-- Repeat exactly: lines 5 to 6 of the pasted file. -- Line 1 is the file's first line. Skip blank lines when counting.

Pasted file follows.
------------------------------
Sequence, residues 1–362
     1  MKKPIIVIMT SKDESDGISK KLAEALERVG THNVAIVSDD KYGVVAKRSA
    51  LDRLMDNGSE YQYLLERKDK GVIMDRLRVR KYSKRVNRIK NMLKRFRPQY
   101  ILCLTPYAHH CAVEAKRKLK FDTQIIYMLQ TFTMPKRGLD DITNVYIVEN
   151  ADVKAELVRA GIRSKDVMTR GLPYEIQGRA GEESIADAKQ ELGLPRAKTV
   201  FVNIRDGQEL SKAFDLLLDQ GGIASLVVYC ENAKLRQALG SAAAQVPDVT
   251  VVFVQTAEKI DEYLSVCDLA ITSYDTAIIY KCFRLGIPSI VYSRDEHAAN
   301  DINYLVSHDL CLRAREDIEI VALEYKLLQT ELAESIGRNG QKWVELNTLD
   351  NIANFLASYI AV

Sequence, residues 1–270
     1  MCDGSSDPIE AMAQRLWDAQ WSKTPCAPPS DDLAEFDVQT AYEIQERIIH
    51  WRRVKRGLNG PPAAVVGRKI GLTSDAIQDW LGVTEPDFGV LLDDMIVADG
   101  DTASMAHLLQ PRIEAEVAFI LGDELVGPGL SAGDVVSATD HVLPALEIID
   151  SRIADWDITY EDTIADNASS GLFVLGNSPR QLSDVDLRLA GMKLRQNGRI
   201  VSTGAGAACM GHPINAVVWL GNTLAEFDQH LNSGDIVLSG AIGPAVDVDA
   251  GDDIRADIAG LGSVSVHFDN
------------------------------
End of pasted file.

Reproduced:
   151  ADVKAELVRA GIRSKDVMTR GLPYEIQGRA GEESIADAKQ ELGLPRAKTV
   201  FVNIRDGQEL SKAFDLLLDQ GGIASLVVYC ENAKLRQALG SAAAQVPDVT